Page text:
Comedian and actor Russell Brand has welcomed the transformation he's undergone since the birth of his daughter, Mabel
Russell Brand has said fatherhood has satisfied something in him that he previously tried to fill with fame, sex and drugs.
The comedian and actor, 41, welcomed daughter Mabel with partner Laura Gallacher in November.
Asked whether parenthood had satisfied something once placated by more rock ‘n’ roll pursuits, Russell told NME: “Yeah, it has.
“The corollary of each of those things is transcendence of self.
“Fame means a version of you exists that is not you. Drugs take you out of yourself. Sex takes you out of yourself. They’re all sort of transcendent.
“Fatherhood, literally, another person comes out of you and is of you.
“What it makes you realise, and this is the opposite of the con trick because you don’t want to believe this is true, but you can’t be happy if all you do is spend your time trying to make yourself happy.”
Russell recently returned to live radio for the first time since the 2008 Sachsgate scandal.
Discussing the fact he has been referred to as a ‘high-wire’ act, he said things are different now.
“I don’t want to fall off,” he said. “I’ve got responsibilities now. I do like flirting with danger, but I’d prefer not to fall.”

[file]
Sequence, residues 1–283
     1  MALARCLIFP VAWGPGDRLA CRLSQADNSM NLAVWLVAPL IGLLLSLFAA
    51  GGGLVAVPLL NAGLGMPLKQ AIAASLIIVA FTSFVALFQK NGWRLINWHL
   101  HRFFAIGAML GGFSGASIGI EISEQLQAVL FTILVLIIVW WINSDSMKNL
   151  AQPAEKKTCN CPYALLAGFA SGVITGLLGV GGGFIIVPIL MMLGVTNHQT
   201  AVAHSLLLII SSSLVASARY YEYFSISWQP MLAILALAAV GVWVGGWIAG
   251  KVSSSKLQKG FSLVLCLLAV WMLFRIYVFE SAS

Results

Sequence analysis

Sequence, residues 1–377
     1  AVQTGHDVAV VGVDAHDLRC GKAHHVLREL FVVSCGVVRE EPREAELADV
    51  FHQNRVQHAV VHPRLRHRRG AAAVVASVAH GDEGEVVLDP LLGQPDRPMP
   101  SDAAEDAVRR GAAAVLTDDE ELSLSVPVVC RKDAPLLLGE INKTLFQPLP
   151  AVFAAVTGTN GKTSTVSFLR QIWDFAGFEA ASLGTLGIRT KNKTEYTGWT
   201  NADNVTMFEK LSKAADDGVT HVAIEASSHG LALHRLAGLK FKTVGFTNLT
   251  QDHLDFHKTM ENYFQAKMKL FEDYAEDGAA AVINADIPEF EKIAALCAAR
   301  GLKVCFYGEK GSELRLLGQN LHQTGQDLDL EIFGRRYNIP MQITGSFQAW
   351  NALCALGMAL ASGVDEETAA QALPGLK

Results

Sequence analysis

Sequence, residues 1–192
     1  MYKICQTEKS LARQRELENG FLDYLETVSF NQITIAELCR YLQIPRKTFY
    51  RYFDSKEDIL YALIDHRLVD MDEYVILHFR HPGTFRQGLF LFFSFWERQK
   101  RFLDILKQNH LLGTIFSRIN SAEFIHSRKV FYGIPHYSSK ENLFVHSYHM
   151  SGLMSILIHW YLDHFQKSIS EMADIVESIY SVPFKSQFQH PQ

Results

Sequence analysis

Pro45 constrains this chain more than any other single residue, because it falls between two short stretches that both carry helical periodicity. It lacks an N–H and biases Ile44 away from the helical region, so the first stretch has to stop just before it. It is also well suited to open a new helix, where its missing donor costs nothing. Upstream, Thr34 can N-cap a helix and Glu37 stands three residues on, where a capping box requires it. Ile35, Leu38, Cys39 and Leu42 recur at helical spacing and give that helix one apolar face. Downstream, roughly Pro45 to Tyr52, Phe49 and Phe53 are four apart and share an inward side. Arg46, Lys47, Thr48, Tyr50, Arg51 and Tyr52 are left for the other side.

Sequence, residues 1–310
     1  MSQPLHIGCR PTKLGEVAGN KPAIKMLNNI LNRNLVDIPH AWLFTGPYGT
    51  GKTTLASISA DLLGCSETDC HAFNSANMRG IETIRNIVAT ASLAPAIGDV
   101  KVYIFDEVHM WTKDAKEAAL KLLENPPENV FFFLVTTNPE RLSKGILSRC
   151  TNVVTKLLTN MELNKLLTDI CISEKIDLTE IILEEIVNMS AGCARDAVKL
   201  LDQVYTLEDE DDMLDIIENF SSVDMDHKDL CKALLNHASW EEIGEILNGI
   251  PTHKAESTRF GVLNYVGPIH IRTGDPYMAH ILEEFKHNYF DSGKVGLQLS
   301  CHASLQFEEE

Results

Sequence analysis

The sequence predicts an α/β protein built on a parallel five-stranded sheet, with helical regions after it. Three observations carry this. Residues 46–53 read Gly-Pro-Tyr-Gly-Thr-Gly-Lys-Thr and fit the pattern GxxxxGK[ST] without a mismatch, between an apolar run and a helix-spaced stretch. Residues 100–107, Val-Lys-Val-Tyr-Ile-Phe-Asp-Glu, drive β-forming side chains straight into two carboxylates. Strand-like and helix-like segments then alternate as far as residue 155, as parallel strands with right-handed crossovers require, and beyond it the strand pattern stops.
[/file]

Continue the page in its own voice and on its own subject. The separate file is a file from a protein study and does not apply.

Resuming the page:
Russell admitted being famous has its downsides and said it was ‘bewildering’ at its height.
He said: “The problem with luxury is that all of your needs are fulfilled as soon as you have them, forcing you to realise that you cannot be fulfilled in that way.
“Being a celebrity is like that. It’s bewildering.
“All of that fame and glamour and being in newspapers and flown around in jets, you think it’s about you, but that’s just the symptoms of someone else making money from you.”
The star said when he started out in Hollywood he believed the gushing praise showered on him by people in the industry.
He said: “In the car after about five of these meetings I turned to my manager and went, ‘It’s weird, because everyone says people in Hollywood are manipulative liars, but they’re actually really nice and honest!’
“I didn’t realise until afterwards. ‘Hold on a minute!’ When you interface with someone on the level of their ego, there’s no limit to what you can get them to do.
“It’s not easy to realise when you’re in the midst of that because it’s too brilliant. I mean ‘brilliant’ in the sense of blinding bright lights.”
Russell also talked politics in the wide-ranging interview, warning that ‘the end of democracy’ could be near.
The star was in the headlines in 2015 when he urged people to vote Labour after repeatedly saying they should not vote.
He told NME: “My opinion on voting is evolving.
“We might be witnessing the end of democracy, although it may be hard to observe in the time-frame of one human life.
“It makes you question whether any real change can be delivered.”